The territory’s announcement of its new Temporary Foreign Worker Program was met with controversy last month as critics expressed concern that businesses would hire migrant workers over Yukoners.
But it appears the local workforce needs not to worry, at least for now. The main industries that were targeted when the program was designed in 2008 – namely, the hospitality, tourism and mining industries – all indicate they have no plans to recruit temporary foreign workers in the near future.
Mining companies have been especially under the radar after media coverage exposed H.D. Mining International for recruiting Chinese workers to their coal mine in Tumbler Ridge, B.C., last year.
However, at the moment no mines need temporary foreign workers. “If we exhaust the labour force that’s here, we still have people in the communities that are available for labour. As we know of course, the industry has been suffering for the past couple of months here in the Yukon. At this time I don’t think we need any foreign workers,” said Mike Kokiw, executive director of the Yukon Chamber of Mines.
Mines have also invested in training the local workforce to learn how to mine by funding Yukon College’s new mining program, he said.
Hiring locally has higher benefits for mines. “It’s much cheaper to have a local workforce than to be flying people in and out. Unless you’re flying workers en masse, it’s not really affordable,” Kokiw said.
Employers would also have to factor in upgrading foreign workers’ safety training and housing costs, he said.
Using migrant workers in larger scale operations or bigger mines could make sense, but no such mines exist in the Yukon, Kokiw added.
The Yukon Zinc Corporation, which laid off around 100 workers at its Wolverine mine in late June, plans to rehire local miners when it’s able to resume full production, said Shae Dalphond, a spokesperson for the company.
Even if migrant workers are not currently needed, Kokiw welcomes the Temporary Foreign Worker Program in case mines would need them in the future.
Heather McIntyre, the general manager of Westmark Hotel, also credited the government with being proactive in case of a labour shortage.
She was part of the consultations that took place in 2008 when the territory was looking into redesigning the program, which she said might have stemmed from a dry spell in 2006.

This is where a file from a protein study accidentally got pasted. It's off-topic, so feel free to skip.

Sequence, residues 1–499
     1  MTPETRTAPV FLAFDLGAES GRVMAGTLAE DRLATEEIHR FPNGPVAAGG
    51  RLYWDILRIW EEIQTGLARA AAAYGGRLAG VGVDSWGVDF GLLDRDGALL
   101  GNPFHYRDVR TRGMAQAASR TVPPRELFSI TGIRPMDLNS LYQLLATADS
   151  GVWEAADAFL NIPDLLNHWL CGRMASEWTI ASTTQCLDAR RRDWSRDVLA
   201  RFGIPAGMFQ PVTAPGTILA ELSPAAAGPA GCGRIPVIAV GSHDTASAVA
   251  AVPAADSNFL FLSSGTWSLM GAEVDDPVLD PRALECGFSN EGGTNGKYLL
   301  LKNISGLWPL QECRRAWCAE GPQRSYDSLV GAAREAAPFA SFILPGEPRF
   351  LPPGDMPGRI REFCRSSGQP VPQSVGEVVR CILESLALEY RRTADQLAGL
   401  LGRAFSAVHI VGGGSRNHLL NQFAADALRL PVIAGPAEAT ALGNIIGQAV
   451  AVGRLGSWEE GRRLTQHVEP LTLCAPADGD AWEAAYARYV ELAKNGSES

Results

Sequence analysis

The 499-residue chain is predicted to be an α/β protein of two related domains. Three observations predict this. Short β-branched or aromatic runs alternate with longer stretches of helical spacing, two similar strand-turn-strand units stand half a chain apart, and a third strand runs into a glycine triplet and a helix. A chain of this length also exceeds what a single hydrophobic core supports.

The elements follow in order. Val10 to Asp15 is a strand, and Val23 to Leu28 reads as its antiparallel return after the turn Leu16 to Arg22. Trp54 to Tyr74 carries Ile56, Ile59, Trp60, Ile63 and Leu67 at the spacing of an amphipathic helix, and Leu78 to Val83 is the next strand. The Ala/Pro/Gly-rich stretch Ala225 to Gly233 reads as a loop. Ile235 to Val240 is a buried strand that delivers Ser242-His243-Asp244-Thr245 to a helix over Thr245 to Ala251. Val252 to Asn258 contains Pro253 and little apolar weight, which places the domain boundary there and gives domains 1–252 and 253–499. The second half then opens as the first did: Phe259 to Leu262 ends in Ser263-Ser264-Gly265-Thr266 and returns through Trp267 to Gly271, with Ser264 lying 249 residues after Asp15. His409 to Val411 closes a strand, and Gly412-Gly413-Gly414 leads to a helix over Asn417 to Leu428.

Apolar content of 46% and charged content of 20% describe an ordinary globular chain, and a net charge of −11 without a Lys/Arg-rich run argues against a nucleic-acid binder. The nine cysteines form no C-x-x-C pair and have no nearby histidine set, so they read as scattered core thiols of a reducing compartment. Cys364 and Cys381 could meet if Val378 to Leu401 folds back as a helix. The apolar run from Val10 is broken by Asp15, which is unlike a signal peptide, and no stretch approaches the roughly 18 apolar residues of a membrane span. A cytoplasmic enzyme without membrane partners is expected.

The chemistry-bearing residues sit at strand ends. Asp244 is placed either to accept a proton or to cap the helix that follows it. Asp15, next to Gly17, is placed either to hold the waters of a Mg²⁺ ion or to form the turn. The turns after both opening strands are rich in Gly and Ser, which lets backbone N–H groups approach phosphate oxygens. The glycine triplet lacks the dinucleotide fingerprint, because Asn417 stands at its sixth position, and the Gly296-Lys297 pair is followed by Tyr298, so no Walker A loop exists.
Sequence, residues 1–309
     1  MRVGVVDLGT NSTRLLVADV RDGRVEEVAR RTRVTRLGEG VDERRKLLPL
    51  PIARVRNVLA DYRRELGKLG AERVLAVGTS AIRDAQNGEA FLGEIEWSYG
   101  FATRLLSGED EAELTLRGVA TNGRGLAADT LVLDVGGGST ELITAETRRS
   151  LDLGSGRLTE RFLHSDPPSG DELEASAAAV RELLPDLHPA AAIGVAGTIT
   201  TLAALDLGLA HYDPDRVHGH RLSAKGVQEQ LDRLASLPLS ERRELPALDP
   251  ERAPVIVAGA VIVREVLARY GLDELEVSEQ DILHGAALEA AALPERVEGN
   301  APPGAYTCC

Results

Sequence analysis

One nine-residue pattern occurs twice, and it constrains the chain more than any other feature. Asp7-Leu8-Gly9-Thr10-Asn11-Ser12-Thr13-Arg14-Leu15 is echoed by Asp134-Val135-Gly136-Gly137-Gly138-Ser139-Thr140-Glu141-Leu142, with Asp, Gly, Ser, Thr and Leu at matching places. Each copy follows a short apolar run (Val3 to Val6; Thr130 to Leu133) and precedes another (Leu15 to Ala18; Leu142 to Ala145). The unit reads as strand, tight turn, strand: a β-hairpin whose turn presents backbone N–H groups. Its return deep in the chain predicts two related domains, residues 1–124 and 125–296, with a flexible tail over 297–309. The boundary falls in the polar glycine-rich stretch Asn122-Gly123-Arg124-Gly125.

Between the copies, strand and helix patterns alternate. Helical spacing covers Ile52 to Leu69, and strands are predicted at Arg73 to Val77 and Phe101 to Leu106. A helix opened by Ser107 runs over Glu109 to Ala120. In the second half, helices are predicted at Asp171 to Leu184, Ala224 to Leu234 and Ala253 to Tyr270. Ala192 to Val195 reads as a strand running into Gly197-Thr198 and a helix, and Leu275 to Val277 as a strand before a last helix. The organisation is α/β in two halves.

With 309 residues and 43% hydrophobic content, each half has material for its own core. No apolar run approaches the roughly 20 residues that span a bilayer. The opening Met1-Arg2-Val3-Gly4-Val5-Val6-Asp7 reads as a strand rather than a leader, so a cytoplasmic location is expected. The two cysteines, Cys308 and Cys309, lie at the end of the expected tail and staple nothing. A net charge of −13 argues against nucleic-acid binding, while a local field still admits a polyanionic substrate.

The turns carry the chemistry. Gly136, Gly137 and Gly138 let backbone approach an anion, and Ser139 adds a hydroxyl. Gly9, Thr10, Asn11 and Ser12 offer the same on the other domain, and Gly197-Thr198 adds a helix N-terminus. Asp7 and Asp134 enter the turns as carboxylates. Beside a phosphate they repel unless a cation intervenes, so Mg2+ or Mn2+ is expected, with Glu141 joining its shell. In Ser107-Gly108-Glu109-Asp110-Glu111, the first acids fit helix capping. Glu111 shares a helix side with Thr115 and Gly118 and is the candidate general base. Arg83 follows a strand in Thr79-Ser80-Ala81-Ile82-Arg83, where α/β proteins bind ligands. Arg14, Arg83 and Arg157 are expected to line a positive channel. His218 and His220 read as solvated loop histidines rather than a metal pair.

“It was very difficult to hire people that summer in particular – 2007 came and it was the Canada Winter Games and I think we got a whole lot more exposure,” she said.
However, as the economy is yet stuck in another downturn, she won’t be looking for temporary foreign workers any time soon either. Plus, since 1990, the Westmark has been hiring students from vocational colleges in B.C., Ontario and P.E.I. that offer a hospitality program, McIntyre said.
Northern Vision, which owns four major hotels in the territory, constantly needs workers, said CEO Richard Thompson. The real estate company owns the Edgewater, High Country Inn, Best Western Gold Rush and the Downtown Hotel in Dawson.
Northern Vision has not yet looked into the Temporary Foreign Worker Program, he said.
Even the retail industry doesn’t seem interested in the program. Dwayne Lesiuk, Canadian Tire’s general manager, said that they have enough workers on staff.
But the company has recruited many workers from abroad through the Yukon Nominee Program, which allows the workers to eventually apply for permanent residency, unlike the Temporary Foreign Worker Program.
Canadian Tire has brought in around 60 workers since it opened in 2007, Lesiuk said. Most of the migrant workers came from the Philippines, a few from Japan, and two from Germany.
“We are really fortunate holding on to the original workers we brought over and (have had) increasing success finding locals.”
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